Next, large-scale cultivation was conducted using seawater-free liquid Waksman media. EtOAc was used to extract the supernatant of the culture broth (6.2 L). Cytotoxicity-guided fractionation of the EtOAc extract, which showed cytotoxicity, was conducted using silica gel and ODS column chromatography, as well as preparative ODS HPLC. These processes yielded chromomycins A2 (1, 50 mg) [10,11] and A3 (2, 86.3 mg) [10] (Figure 1), which were identified on the basis of spectroscopic data, including NMR, MS and optical rotation with references to the literature [10,11].

Marinedrugs 12 03466 g001 1024
Figure 1. Structures of isolated Compounds 1 and 2.

Click here to enlarge figure

Figure 1. Structures of isolated Compounds 1 and 2.
Marinedrugs 12 03466 g001 1024

2.2. Biological Activities of 1 and 2

Chromomycins A2 (1) and A3 (2) exhibited potent cytotoxicity against the AGS cell line, with IC50 values of 1.7 and 22.1 nM, respectively (Figure 2).

Marinedrugs 12 03466 g002 1024
Figure 2. Cytotoxicities of chromomycins A2 (1) and A3 (2) against human gastric adenocarcinoma (AGS) cells. AGS cells were treated at the indicated concentration of test samples for 24 h. Cell viability was determined after 24 h by the fluorometric microculture cytotoxicity assay (FMCA). The bars represent the means ± SD (n = 3) with significance determined with Tukey’s test. ** p < 0.01 vs. the control (blank containing 0.1% DMSO without compound).

Click here to enlarge figure

Figure 2. Cytotoxicities of chromomycins A2 (1) and A3 (2) against human gastric adenocarcinoma (AGS) cells. AGS cells were treated at the indicated concentration of test samples for 24 h. Cell viability was determined after 24 h by the fluorometric microculture cytotoxicity assay (FMCA). The bars represent the means ± SD (n = 3) with significance determined with Tukey’s test. ** p < 0.01 vs. the control (blank containing 0.1% DMSO without compound).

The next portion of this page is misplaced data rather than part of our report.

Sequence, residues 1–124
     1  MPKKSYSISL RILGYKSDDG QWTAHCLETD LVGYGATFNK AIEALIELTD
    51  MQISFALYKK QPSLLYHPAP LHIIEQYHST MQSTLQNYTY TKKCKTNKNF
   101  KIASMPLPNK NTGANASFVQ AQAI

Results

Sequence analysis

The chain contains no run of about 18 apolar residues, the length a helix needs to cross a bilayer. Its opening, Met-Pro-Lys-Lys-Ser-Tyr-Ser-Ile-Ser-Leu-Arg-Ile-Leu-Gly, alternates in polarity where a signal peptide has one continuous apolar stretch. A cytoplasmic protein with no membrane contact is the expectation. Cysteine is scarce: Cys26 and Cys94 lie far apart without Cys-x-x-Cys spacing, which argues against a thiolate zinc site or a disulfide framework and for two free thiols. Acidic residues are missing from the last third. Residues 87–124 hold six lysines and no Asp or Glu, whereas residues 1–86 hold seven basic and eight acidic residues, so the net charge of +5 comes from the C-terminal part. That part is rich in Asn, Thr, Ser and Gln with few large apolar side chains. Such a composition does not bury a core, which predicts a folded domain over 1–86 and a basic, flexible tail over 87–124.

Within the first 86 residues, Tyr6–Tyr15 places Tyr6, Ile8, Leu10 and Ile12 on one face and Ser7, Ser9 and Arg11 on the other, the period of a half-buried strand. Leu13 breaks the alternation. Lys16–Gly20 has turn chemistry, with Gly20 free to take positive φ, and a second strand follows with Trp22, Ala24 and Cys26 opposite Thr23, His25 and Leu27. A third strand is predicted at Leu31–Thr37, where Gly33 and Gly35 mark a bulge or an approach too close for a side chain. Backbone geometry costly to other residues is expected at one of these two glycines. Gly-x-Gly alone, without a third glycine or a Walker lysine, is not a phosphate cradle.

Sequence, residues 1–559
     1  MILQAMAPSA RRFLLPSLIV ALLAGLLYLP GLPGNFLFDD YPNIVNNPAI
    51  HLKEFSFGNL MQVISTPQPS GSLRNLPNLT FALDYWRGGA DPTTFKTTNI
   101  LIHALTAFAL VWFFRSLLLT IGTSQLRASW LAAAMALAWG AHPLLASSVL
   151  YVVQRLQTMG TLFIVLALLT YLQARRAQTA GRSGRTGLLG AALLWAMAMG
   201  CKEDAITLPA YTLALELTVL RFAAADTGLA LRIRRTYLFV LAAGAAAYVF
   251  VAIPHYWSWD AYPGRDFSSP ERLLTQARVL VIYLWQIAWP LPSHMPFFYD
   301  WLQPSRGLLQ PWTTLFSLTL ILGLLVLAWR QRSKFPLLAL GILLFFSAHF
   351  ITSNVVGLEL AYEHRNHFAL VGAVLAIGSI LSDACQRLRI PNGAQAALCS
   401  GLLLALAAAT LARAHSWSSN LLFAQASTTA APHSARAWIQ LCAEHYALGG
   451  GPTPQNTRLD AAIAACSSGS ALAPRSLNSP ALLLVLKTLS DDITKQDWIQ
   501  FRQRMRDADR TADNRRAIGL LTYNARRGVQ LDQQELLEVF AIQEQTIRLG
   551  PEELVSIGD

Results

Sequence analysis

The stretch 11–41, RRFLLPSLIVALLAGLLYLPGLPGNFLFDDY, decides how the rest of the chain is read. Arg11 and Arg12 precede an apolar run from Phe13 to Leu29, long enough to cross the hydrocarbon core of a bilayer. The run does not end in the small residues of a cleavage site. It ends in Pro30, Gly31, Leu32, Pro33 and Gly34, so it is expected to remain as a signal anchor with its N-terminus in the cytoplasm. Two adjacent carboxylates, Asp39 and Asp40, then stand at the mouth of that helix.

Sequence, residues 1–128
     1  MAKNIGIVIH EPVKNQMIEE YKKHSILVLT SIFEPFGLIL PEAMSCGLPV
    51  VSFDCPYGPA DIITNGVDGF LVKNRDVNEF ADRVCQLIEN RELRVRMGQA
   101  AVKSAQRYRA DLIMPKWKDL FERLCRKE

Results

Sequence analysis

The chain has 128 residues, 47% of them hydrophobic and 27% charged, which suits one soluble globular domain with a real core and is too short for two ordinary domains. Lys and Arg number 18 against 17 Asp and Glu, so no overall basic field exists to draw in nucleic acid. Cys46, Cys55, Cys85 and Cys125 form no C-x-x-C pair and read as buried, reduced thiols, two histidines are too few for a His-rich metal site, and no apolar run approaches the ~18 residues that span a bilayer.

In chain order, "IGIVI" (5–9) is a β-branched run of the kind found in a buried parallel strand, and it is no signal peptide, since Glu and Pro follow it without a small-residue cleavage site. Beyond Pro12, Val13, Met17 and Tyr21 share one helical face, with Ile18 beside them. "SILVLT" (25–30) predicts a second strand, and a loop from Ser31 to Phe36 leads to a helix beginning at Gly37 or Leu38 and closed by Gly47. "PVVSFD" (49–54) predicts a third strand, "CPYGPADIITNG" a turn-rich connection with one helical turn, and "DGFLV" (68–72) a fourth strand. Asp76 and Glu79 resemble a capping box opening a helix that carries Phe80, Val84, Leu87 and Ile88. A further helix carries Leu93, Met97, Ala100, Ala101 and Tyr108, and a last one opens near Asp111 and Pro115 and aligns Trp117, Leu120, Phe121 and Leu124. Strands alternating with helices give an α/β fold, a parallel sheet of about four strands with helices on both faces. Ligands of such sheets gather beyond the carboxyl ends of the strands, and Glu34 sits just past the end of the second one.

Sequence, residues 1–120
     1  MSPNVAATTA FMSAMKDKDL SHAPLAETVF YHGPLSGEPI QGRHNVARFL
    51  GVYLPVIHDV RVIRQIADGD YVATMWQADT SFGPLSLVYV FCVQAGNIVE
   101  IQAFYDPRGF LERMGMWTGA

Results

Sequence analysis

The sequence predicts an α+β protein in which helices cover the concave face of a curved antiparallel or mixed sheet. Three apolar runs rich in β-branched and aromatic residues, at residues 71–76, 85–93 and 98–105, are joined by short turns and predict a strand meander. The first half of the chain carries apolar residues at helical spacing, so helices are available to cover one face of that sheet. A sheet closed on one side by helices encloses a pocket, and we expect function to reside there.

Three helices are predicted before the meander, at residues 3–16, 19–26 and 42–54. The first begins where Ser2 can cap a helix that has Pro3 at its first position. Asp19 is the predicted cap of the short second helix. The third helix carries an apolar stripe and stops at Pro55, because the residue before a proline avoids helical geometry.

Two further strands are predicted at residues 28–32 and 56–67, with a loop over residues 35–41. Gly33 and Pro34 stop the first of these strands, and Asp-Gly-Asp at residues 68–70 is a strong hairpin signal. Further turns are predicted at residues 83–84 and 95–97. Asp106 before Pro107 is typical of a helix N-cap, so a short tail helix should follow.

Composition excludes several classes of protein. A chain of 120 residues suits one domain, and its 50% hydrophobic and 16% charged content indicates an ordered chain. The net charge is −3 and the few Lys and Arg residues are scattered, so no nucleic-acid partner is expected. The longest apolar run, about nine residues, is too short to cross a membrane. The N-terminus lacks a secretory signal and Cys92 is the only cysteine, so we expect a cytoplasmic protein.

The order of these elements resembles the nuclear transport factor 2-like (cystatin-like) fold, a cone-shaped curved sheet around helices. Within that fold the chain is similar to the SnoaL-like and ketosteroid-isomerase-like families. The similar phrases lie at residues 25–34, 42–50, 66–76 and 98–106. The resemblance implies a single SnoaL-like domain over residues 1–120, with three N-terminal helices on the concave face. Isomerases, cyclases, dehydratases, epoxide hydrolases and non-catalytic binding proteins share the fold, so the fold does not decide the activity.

Marinedrugs 12 03466 g002 1024

The AGS cell line is known to be resistant against the tumor necrosis factor (TNF)-related apoptosis-inducing ligand (TRAIL) [12]. TRAIL, a member of the TNF superfamily, is considered to be a promising anti-cancer agent, due to its ability to cause tumor selective apoptosis. TRAIL binds to death receptors, such as death receptor 5 (DR5) and/or death receptor 4 (DR4), which allows the formation of a death-inducing signaling complex (DISC), resulting in the activation of caspase-signaling pathways and, ultimately, apoptosis [13]. However, large numbers of cancer cells, especially highly malignant tumors, are resistant to TRAIL. Therefore, identifying compounds that can overcome TRAIL-resistance has become an important strategy in the development of new anticancer drugs. The ability of chromomycin A3 (2) to overcome TRAIL resistance was evaluated using the previously described method [14,15]. As shown in Figure 3, the treatment of AGS cells with 100 ng/mL TRAIL for 24 h resulted in only a slight decrease in cell viability (20%), while luteolin [16] at 17.5 μM, which was used as a positive control, was 35% more potent when administered in combination with TRAIL than when the compound was administrated alone. The treatment of AGS cells with 2 (10 nM) in the presence of TRAIL (100 ng/mL) led to cell viability being 52% lower than that of treatment with the compound alone (without TRAIL), which confirmed the potent abilities of these compounds to overcome TRAIL resistance.

Marinedrugs 12 03466 g003 1024
Figure 3. TNF-related apoptosis-inducing ligand (TRAIL) resistance-overcoming activity of chromomycin A3 (2) in AGS cells. AGS cells were treated at the indicated concentration of test samples and/or 100 ng/mL of TRAIL for 24 h. Cell viability was determined after 24 h by a FMCA assay. The bars represent means ± SD (n = 3) with significance determined with Tukey’s test. ** p < 0.01 vs. the control (blank containing 0.1% DMSO without compound).

Click here to enlarge figure

Figure 3. TNF-related apoptosis-inducing ligand (TRAIL) resistance-overcoming activity of chromomycin A3 (2) in AGS cells. AGS cells were treated at the indicated concentration of test samples and/or 100 ng/mL of TRAIL for 24 h. Cell viability was determined after 24 h by a FMCA assay. The bars represent means ± SD (n = 3) with significance determined with Tukey’s test. ** p < 0.01 vs. the control (blank containing 0.1% DMSO without compound).
Marinedrugs 12 03466 g003 1024